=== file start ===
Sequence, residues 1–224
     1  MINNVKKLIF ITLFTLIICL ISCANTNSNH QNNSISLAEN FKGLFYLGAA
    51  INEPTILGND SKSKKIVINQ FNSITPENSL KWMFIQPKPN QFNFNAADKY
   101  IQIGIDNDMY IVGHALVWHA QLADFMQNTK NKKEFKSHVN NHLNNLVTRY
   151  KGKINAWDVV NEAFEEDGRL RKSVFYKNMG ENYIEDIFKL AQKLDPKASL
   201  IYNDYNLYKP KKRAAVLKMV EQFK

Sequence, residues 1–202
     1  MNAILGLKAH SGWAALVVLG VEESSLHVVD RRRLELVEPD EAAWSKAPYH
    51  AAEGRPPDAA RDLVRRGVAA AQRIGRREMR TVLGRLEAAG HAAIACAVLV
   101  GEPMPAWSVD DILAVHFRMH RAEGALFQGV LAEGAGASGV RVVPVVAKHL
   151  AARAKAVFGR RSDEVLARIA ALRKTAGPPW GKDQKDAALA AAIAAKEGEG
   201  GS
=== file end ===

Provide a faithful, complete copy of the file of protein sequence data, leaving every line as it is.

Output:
Sequence, residues 1–224
     1  MINNVKKLIF ITLFTLIICL ISCANTNSNH QNNSISLAEN FKGLFYLGAA
    51  INEPTILGND SKSKKIVINQ FNSITPENSL KWMFIQPKPN QFNFNAADKY
   101  IQIGIDNDMY IVGHALVWHA QLADFMQNTK NKKEFKSHVN NHLNNLVTRY
   151  KGKINAWDVV NEAFEEDGRL RKSVFYKNMG ENYIEDIFKL AQKLDPKASL
   201  IYNDYNLYKP KKRAAVLKMV EQFK

Sequence, residues 1–202
     1  MNAILGLKAH SGWAALVVLG VEESSLHVVD RRRLELVEPD EAAWSKAPYH
    51  AAEGRPPDAA RDLVRRGVAA AQRIGRREMR TVLGRLEAAG HAAIACAVLV
   101  GEPMPAWSVD DILAVHFRMH RAEGALFQGV LAEGAGASGV RVVPVVAKHL
   151  AARAKAVFGR RSDEVLARIA ALRKTAGPPW GKDQKDAALA AAIAAKEGEG
   201  GS